Real world first impressions drive purchase decision

My wife and I are in the beginning phases of a kitchen remodel. That process will include all new appliances.

One of our choices for purchasing these appliances is a local, family-owned company that has a big presence and a very good reputation in the Twin Cities area. The Warner’s Stellian brand reputation was upheld when we visited the store. The sales staff was very helpful. They knew the products and were very well trained to answer our questions and provide great service. And by the way, they looked like it.

All of them were wearing shirts embroidered with the Warner’s Stellian logo in colors that supported their brand.

After walking out of the store, I commented to my wife, “It’s so nice to work with a professional.”

If you are buying appliances today in the America, you also stop at a very large department store with a long history that includes a strong reputation in appliances. I don’t want to identify the store directly, but their name starts with the letter Sears.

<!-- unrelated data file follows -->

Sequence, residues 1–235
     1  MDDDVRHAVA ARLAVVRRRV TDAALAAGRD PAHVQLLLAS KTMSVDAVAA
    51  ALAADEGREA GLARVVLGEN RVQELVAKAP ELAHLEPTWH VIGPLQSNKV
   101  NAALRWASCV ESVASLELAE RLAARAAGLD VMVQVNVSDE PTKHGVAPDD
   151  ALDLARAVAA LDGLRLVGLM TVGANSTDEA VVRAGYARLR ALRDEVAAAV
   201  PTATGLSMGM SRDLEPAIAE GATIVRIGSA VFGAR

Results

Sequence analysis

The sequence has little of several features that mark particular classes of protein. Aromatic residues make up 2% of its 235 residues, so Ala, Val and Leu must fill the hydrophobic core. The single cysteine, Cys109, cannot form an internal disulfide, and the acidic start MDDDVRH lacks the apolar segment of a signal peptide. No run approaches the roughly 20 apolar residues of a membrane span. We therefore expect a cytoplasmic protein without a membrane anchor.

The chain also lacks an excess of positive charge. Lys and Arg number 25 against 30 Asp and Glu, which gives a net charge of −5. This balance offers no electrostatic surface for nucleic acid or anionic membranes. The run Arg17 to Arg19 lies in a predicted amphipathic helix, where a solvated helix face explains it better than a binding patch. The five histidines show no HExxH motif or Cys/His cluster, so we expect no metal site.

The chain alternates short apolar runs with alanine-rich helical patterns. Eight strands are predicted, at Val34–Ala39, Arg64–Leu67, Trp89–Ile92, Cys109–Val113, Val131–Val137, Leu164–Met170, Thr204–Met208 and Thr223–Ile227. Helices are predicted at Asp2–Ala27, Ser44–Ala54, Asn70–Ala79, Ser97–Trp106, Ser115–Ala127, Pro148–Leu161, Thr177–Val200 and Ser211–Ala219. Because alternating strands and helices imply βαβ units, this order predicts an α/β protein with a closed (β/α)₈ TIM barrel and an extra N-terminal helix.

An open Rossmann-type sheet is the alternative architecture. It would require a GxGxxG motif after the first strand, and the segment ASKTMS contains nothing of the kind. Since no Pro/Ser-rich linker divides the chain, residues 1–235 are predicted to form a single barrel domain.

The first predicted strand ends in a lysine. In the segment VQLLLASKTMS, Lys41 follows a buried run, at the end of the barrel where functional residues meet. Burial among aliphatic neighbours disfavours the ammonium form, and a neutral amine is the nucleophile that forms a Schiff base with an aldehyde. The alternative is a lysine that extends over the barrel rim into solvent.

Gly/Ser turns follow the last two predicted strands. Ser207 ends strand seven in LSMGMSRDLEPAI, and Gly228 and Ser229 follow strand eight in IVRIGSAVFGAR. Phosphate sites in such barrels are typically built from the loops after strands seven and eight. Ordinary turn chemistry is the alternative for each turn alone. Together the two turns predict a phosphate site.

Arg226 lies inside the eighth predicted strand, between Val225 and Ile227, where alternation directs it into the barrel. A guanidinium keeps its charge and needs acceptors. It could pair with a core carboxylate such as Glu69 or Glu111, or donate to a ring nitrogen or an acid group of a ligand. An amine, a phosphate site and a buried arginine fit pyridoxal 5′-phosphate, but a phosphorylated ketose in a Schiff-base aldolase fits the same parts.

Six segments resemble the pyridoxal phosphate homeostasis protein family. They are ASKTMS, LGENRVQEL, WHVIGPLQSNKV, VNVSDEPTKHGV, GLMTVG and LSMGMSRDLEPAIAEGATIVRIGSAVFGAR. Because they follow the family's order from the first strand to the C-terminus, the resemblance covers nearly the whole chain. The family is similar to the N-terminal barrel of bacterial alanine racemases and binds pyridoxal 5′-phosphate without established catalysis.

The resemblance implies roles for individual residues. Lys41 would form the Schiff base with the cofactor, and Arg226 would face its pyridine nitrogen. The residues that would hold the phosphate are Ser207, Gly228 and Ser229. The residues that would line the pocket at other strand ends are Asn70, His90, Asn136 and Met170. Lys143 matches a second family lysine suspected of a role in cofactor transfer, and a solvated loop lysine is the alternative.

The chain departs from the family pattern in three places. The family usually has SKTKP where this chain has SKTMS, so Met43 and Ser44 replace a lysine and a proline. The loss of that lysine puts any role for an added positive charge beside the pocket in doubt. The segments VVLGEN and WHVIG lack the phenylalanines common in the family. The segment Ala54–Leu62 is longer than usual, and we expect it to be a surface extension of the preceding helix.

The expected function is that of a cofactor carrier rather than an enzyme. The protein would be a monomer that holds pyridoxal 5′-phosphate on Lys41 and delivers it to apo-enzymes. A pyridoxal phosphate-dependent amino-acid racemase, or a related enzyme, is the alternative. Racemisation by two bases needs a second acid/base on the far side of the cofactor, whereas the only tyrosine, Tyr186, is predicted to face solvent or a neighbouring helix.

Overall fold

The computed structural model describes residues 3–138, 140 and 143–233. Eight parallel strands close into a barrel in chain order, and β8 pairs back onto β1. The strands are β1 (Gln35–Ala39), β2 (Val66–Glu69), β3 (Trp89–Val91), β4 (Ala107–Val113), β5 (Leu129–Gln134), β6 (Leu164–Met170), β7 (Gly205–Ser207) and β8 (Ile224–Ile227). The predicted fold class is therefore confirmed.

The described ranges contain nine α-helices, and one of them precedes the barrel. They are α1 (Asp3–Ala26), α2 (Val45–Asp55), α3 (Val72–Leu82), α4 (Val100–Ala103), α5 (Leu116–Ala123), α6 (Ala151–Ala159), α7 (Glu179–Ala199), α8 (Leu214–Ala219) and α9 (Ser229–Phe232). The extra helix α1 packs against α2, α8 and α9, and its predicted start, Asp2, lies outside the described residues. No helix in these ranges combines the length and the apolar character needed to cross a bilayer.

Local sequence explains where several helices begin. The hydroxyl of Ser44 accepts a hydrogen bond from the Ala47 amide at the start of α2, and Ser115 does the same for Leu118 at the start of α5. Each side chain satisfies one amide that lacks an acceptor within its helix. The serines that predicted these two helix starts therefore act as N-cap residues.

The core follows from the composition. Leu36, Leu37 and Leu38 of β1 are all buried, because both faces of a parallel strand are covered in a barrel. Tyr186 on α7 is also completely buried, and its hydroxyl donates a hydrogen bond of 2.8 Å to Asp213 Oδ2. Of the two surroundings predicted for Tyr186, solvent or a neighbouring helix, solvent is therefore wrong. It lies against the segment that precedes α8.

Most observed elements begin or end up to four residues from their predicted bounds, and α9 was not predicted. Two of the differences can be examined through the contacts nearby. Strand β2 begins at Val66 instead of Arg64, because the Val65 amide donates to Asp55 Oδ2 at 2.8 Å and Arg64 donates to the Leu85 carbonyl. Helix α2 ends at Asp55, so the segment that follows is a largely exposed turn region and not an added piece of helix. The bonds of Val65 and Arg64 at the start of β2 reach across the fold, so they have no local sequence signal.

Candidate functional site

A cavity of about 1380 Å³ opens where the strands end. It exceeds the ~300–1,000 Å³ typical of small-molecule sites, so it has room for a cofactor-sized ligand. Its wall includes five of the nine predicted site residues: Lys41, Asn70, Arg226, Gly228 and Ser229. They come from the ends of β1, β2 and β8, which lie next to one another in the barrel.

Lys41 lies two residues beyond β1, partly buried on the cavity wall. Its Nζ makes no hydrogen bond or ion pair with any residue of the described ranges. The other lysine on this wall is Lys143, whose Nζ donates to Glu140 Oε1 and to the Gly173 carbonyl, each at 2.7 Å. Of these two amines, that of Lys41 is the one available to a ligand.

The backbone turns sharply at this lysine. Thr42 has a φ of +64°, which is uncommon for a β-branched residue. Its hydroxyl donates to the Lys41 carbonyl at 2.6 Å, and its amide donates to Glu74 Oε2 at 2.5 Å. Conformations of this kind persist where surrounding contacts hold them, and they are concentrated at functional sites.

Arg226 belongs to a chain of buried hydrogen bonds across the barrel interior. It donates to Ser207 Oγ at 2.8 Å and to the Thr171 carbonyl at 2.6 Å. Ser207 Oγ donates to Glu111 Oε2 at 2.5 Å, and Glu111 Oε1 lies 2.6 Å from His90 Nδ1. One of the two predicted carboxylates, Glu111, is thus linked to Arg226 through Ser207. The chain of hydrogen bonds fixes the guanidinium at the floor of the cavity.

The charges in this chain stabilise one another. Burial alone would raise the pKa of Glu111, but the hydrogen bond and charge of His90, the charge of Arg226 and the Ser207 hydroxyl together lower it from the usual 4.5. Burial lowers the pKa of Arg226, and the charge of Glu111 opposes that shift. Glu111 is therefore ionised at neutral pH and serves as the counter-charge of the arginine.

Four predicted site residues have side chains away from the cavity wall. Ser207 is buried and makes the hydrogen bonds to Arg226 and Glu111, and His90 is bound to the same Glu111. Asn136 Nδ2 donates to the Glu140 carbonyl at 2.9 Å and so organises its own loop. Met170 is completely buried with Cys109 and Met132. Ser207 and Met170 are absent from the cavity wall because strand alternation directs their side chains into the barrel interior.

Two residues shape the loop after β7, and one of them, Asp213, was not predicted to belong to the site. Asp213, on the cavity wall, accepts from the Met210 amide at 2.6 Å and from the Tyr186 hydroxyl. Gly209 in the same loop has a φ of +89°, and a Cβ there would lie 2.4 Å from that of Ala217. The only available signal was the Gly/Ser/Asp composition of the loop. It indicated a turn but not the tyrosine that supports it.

The salesman approached us and as we all do, I took a quick head to toe scan. He was wearing a quarter zip sweater that was slightly faded and had no shape to it. It also looked like it needed a wash but I wasn’t sure if it was dirty or just old. His pants were a pair of khakis that again had seen better days-faded and old looking.

So here’s the point, first impressions count, right? My first impression of the Sears salesperson was not a good one, casting doubt in my mind about his ability to provide professional service. I’m sure the Sears sales person is competent and professional, but their appearance doesn’t support that notion.

It has been well documented in research the importance of a first impression during the buying process.

All things being equal such as price, brand availability, etc., who are we going to purchase our appliances from?

So here’s the question for you. What is the first impression your employees are making?

Logo embroidered apparel is a small investment that gives your company an advantage when it comes to making a good first impression. And when you make a good first impression, you have a much better chance of making the sale, winning the business and gaining a new customer.

Will a logo shirt make the sale for you? Probably not, but in this hyper-competitive environment that we all operate in, every advantage counts.

The investment in a $20 logo embroidered polo shirt is small compared to the opportunity to make a quality first impression.

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